NOTE 1Some apparatus are designed to use tap water as a cooling medium to bring the specimen temperature to 60C. To achieve cooling of the specimen to 80C, provide circulation of the cooling medium at 30C or lower to the apparatus. Since water freezes at 0C, a commercial or technical grade isopropanol (see Note 1) is suitable as the cooling medium. Refer to the manufacturers operating instructions on the relationship between the cooling medium temperature and the minimum specimen temperature.

8.2 Turn on the liquid cooling medium and ensure its temperature is appropriate for the specimen being tested in accordance with the manufacturers instructions (see Note 1). 8.3 Turn on the purge gas and ensure that it is regulated to the appropriate pressure in accordance with the manufacturers instructions. 8.4 Turn on the main power switch of the analyzer. 9. Calibration and Standardization 9.1 Ensure that all of the manufacturers instructions for calibrating, checking, and operating the apparatus are followed. 9.2 An aviation turbine fuel sample which has been extensively tested in a Test Method D 2386 interlaboratory study can be used to verify performance of the apparatus within the precision of the test method. 9.3 Reagent grade n-octane with a known freezing point value can be used to verify the calibration of the specimen temperature measuring device within the precision of this test method. The literature value4 for the freezing point of pure n-octane is 56.8C. 10. Procedure 10.1 Open the test chamber lid and clean the specimen cup inside the test chamber with a cotton swab. 10.2 Rinse the specimen cup by pipetting 0.15 6 0.01 mL of specimen into the cup. Clean the specimen out of the cup by using a cotton swab. The cup should be cleaned to the point where no visible droplets of specimen remain in the cup. 10.3 Rinse the cup a second time by repeating 10.2. 10.4 Carefully measure 0.15 6 0.01 mL of specimen into the specimen cup. 10.5 Close and lock the test chamber lid. 10.6 Start the operation of the apparatus according to the manufacturers instructions. From this point up to and including the termination of the measurement, the apparatus automatically controls all operations. Purge gas and liquid cooling medium will begin to ow through the apparatus. The Peltier device cools the specimen at a rate of 15 6 5C/min. The optical detectors continuously monitor the specimen for the formation of hydrocarbon crystals. The temperature of the specimen is continuously monitored by the apparatus and displayed on its front panel. Once hydrocarbon crystals are detected, the specimen is then warmed at 10 6 0.5C/min until all the crystals redissolve into the liquid phase. When the disappearance of the last crystals is detected, the specimen temperature is recorded and the measurement is terminated. 10.7 The freezing point value will be displayed by the apparatus. 10.8 Unlock and open the test chamber lid and clean the specimen out of the specimen cup with a cotton swab. 11. Report 11.1 Report the temperature recorded in 10.7 as the freezing point, Test Method D 5972.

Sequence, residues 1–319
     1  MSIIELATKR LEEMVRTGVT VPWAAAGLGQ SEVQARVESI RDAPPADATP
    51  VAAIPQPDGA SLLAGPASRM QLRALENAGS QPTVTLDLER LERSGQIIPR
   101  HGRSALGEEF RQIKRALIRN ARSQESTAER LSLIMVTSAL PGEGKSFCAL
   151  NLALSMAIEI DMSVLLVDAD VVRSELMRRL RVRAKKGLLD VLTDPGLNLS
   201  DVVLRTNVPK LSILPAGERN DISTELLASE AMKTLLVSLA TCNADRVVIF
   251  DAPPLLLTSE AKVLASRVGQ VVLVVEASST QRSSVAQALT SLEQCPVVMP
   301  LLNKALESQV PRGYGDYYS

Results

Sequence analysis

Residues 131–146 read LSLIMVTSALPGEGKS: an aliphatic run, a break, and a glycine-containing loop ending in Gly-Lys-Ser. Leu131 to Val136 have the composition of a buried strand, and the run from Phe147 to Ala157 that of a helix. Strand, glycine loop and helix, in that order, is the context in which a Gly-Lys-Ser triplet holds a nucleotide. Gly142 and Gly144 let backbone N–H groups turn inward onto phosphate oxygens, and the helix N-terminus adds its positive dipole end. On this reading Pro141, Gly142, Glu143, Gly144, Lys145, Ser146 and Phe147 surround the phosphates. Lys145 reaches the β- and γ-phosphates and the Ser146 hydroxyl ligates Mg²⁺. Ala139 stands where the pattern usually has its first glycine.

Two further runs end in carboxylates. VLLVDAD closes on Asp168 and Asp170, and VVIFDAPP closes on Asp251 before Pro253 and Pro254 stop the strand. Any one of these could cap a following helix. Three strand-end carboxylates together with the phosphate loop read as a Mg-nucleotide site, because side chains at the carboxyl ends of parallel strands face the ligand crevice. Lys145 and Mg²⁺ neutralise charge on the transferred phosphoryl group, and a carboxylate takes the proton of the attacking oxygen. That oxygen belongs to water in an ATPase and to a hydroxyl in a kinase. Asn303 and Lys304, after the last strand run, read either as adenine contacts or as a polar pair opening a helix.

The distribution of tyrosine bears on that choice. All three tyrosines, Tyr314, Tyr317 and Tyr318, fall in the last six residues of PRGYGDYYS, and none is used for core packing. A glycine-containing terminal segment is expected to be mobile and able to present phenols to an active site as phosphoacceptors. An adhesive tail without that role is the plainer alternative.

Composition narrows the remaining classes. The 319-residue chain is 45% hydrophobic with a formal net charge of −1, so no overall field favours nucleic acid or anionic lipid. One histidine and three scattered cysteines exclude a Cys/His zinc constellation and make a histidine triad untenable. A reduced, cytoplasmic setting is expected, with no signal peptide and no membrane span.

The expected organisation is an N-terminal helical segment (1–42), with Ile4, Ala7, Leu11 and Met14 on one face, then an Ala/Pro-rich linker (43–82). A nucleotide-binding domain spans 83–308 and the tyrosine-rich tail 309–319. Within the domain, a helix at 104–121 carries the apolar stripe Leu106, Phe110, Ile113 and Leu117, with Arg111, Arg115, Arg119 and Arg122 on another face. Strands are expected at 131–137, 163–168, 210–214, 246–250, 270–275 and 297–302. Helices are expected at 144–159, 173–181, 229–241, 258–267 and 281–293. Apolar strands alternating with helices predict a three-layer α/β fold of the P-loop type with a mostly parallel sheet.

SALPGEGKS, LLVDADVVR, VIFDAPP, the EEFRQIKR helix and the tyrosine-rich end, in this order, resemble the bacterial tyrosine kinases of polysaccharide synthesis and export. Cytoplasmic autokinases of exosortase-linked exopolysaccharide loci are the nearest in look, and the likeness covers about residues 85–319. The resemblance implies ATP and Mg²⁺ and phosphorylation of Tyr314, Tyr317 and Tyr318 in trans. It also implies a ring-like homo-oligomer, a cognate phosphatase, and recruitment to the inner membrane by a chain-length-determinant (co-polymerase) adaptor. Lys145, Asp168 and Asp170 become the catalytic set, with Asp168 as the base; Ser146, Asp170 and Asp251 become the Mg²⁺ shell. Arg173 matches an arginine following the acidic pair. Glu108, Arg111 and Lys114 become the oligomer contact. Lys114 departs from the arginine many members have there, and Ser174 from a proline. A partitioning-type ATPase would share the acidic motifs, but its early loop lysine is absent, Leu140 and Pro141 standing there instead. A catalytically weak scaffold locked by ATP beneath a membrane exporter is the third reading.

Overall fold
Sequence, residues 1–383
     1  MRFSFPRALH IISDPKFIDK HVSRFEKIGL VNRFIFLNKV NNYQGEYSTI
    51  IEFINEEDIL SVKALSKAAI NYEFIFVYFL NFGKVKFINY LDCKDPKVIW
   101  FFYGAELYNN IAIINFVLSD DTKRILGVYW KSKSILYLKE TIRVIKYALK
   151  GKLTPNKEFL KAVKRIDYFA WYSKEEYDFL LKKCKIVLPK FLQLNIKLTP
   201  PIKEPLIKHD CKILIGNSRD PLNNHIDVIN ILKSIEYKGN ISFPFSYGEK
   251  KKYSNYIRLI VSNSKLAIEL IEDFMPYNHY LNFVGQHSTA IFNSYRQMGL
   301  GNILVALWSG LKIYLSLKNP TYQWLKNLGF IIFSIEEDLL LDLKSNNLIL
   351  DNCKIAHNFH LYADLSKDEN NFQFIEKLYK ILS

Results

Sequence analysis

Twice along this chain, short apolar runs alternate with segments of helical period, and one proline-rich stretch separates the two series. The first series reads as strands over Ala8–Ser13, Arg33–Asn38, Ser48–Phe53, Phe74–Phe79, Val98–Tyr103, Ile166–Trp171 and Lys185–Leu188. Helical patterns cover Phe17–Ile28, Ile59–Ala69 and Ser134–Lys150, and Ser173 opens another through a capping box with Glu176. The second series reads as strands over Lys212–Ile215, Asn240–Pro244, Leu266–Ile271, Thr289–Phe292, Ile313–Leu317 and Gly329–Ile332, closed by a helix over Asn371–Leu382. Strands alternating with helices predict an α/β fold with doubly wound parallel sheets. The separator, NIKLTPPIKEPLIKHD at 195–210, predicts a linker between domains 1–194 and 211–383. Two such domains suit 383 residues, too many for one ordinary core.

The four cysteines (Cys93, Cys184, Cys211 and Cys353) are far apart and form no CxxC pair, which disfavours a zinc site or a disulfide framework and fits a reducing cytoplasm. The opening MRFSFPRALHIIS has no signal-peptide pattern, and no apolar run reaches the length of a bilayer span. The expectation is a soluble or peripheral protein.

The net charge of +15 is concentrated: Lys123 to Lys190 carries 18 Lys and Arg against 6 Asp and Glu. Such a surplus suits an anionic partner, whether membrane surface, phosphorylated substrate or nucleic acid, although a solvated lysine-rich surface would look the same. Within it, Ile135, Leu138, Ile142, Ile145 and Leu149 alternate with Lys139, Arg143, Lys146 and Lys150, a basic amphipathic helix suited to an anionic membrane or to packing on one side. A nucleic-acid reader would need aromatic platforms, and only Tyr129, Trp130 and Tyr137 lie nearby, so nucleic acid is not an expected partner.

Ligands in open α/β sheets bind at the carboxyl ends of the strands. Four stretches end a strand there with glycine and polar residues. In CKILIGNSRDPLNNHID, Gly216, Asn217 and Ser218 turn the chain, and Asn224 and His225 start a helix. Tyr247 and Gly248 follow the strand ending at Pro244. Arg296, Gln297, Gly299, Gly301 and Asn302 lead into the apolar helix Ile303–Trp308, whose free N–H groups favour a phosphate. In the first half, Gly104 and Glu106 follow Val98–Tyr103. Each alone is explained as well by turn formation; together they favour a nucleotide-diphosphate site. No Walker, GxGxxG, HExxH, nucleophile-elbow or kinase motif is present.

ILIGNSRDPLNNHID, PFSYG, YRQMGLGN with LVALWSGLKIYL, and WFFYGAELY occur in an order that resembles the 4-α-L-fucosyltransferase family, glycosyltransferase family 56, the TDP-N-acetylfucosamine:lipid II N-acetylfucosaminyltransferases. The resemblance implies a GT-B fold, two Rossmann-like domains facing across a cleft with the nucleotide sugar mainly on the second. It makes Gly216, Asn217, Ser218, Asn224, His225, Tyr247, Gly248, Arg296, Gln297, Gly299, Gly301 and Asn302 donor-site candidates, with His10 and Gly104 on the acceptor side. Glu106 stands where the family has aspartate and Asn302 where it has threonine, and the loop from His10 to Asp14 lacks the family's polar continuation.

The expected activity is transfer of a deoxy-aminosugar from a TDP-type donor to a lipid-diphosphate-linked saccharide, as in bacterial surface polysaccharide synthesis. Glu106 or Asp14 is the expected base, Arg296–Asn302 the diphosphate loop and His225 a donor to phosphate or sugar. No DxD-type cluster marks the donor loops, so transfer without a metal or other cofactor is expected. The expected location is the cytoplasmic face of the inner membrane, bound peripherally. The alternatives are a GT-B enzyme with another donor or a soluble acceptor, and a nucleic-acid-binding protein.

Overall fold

7.3 Purge GasA gas such as air, nitrogen, helium, or argon with a dew point below the lowest temperature attained by the specimen under the conditions of the test. (Warning Compressed gas under high pressure.) (WarningInert gas can be an asphyxiant when inhaled. 7.4 Pipette, capable of dispensing 0.15 6 0.01 mL of sample. 7.5 Cotton SwabsPlastic- or paper-shaft cotton swabs to clean the specimen cup. (WarningThe use of swabs with wooden shafts may damage the mirrored surface of the specimen cup.) 8. Preparation of Apparatus 8.1 Install the analyzer for operation in accordance with the manufacturers instructions.
3 Phase Technology Freezing Point Analyzer Model Series 30, 50, and 70, available from Phase Technology, No. 135-11960 Hammersmith Way, Richmond, B.C. Canada, V7A 5C9, has been found suitable for use in this test method. All the model series previously mentioned have identical test chambers and electronics. The distinction between different model series is the low temperature limit. Refer to manufacturers product information on the low-temperature limit of various models.

4 CRC Handbook of Chemistry and Physics, 64th Edition, CRC Press, Inc., Boca Raton, FL, 1984. p C-404.

D 5972
12. Precision and Bias 12.1 RepeatabilityThe difference between two test results obtained by the same operator with the same apparatus under constant operating conditions on identical test material would, in the long run, in the normal and correct operation of this test method, exceed 0.69C only in one case in twenty. 12.1.1 ReproducibilityThe difference between two single and independent results obtained by different operators working in different laboratories on identical test material would, in the long run, in the normal and correct operation of this test method, exceed 1.30C only in one case in twenty. 12.2 BiasBecause there are no liquid hydrocarbon mixtures of known freezing point, which simulate aviation fuels, bias cannot be established. 12.3 Relative BiasThe results for all the samples from the interlaboratory program5 were examined for biases relative to Test Method D 2386. Some differences were observed for some fuels, but there was no consistent bias among all the
5 The results of the 1994 Interlaboratory Cooperative Test Program are available from ASTM Headquarters. Request ASTM RR:D02-1385.

fuels. All the differences were within the reproducibility of Test Method D 2386 (2.5C) except for two. These two were the only samples of fuels of Grades JP4 and Jet B, and for these the average results were 2.5C and 2.8C warmer than those of Test Method D 2386. Therefore, the user should exercise appropriate caution when this test method is used in testing Jet B and JP4 samples. 12.4 The precision statements were derived from a 1994 interlaboratory cooperative test program. Participants analyzed 14 sample sets comprised of various aviation fuels over the temperature range of 45 to 65C. Nine laboratories participated with the automatic phase transition apparatus and 15 participated with the manual Test Method D 2386 test method. The precision statistics were compiled and calculated based on the 0.1C resolution offered by the automatic phase transition method. Information on the types of samples and their respective average freezing point is contained in the research report.5 13. Keywords 13.1 aviation turbine fuels; freezing point; Peltier; thermoelectric; wax crystals